We hear that chugging electric guitar at the beginning of the video, and we react. But an important question is, if we play “Lose Yourself” on clarinets, is it still “Lose Yourself?” The answer is, “yes.” Then the next question is, “if we play this other track, “Eminem-esque” on clarinets as well, no signature guitar chunk chunk chunk chunk, is it substantially the same as “Lose Yourself?” Let’s consider it.
Both tracks begin with eighth notes, 8 to the bar more or less, playing an interval (that’s two notes of a certain distance apart) The figure is essentially two notes: The note “A” along with either an “E” or an “F.” (transposed)
E-E-E-E E-E-E-E | F-F-F-F F-F-F-F | E-E-E-E E-E-E-E | F-F-F-F F-F-F-F A - - - - - - - - - - - - - - - - - - - - - - - - - - - - - - - The A note stays throughout and chugs along with either the E or the F above it.
There are no lyrics, so is that a melody? Yes! If you’re humming the tune at breakfast as I did this morning you hum just those E’s and F’s. They’re the melody. And by the way, what happened in my kitchen when I got to the end of those four bars was that my eleven year old muttered, “Yo, his palms are sweaty, knees weak, arms are heavy,” and smiled. Iconic.
What if I hummed the not identical “Eminem-esque” intro?
E-E-E-E E-E-E-E | D_D_D_D F-F-F-F | E-E-E-E E-E-E-E | D_D_D_D B_B_B_B A - - - - - - - - - - - - - - - - - - - - - - - - - - - - - - -
If I hummed the “Eminem-esque” eighth notes, would my kid still have said, “Yo…” despite the 37.5% note disparity. Perhaps not.
“Wait there’s more!” says a musicologist, “Are really are we going to count all those repeating E’s at full value?
What if instead I argued for a distillation that properly devalues the mere repetitions and looks like this?”
Lose Yourself. E - - - - - - - | F - - - F - - - | E - - - - - - - | F - - - F - - - | Eminem Esque. E - - - - - - - | D - - - F - - - | E - - - - - - - | D - - - B - - - |
Here, with the repetitions ignored, only half the notes are the same, or as we might put it, “half of the significant musical choices were different.” This is the first or second thing the defense’s musicologist is likely to say.
What’s the other?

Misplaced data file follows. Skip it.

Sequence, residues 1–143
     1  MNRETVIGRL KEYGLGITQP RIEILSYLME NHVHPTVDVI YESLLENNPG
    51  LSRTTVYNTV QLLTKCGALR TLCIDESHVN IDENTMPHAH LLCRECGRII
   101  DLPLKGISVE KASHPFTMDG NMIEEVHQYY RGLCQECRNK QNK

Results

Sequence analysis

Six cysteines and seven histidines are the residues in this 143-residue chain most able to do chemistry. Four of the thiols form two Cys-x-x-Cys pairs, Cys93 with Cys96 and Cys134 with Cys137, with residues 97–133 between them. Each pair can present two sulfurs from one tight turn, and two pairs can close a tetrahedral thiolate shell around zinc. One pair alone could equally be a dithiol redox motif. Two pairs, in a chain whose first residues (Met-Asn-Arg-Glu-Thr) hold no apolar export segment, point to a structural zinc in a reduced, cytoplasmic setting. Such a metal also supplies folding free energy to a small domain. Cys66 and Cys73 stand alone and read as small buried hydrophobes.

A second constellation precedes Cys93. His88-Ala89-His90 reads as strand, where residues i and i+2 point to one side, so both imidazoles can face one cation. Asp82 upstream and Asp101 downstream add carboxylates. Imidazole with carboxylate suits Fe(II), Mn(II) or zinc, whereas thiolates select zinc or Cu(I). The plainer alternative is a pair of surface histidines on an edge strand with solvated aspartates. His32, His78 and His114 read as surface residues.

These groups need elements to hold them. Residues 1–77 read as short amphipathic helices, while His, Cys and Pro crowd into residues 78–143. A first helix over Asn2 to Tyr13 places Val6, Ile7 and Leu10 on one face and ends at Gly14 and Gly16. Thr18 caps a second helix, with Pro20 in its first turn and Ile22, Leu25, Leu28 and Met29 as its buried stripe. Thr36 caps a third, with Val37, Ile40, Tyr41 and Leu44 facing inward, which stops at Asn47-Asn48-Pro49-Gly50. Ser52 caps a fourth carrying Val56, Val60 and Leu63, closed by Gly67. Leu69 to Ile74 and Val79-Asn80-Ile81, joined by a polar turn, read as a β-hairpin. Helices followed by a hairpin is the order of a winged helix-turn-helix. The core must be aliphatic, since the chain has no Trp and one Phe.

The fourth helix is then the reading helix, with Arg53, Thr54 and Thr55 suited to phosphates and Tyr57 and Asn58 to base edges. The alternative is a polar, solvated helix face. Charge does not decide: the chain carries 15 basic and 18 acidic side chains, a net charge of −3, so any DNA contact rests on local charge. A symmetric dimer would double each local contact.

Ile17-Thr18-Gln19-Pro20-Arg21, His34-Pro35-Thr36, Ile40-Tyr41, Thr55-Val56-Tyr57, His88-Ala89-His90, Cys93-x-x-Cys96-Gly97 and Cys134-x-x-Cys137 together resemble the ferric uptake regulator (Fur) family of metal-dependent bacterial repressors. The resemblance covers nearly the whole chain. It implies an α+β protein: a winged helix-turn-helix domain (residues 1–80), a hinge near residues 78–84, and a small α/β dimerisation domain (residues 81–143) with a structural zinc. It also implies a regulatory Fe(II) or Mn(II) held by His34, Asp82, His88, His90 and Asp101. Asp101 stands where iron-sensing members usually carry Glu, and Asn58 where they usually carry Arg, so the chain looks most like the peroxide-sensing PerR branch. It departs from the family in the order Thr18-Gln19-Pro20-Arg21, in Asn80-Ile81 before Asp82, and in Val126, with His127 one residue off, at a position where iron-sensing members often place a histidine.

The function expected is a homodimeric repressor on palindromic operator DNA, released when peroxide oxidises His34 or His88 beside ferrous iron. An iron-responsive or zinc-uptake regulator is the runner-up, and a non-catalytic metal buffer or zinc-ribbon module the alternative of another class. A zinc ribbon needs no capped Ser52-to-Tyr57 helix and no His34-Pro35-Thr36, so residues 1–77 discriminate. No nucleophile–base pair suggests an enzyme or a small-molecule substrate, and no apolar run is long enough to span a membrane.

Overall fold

She’s going to question the substance and originality of this section of music. Because it’s not much at all, perfunctory to be charitable. It’s just the chords A minor and D minor. I’m reminded here of a well circulated but fictitious story that Metallica (reputedly litigious rockstars) once sued another band for using E and F in succession. This was a concocted hoax meant to be ridiculous — comedy website mocked up a webpage to look like MTV news’s site reporting the following:
“MONTREAL – Metallica are taking legal action against independent Canadian rock band Unfaith over what they feel is unsanctioned usage of two chords the band has been using since 1982: E and F.”
(It went on, as taken from Snopes.com:) ”We’re not saying we own those two chords, individually,” said drummer Lars Ulrich in Ashley’s spoof. “That would be ridiculous,” the faux quote continued. “We’re just saying that in that specific order, people have grown to associate E, F with our music.”
Whoever came up with the hoax had his finger on what is now taking place in New Zealand. The notes in the Metallica hoax are even pretty much the same notes involved here: E’s going to F’s. If Metallica could be satirized as claiming the chord progression E to F, then what might we say about this case? Can the writers of “Lose Yourself” own the even thinner IP involved here? It’s an interval of a perfect fifth moving to the interval of a minor sixth or an Am going to a Dm, more or less for the entire track! There’s more to it, but not a ton more.
The defense’s expert is going to say they cannot. And they might be helped along by the words of the plaintiff himself, co-writer of “Lose Yourself,” and Detroit based musician and producer Jeff Bass who says the song is a “blatant rip-off” of Eminem’s track, but then he goes on to say that he one day began playing the now famous guitar riff for Eminem and “At that time, I didn’t know if it was a song or not.”
Well, Mr Bass, the most plausible explanation doesn’t serve you well. What you were thinking is pretty much what every songwriter thinks at the outset of writing a tune when all he has down so far is a pleasing but probably unownable and unprotectable idea that while perhaps the starting point for developing something substantial and original, isn’t that on its own at all.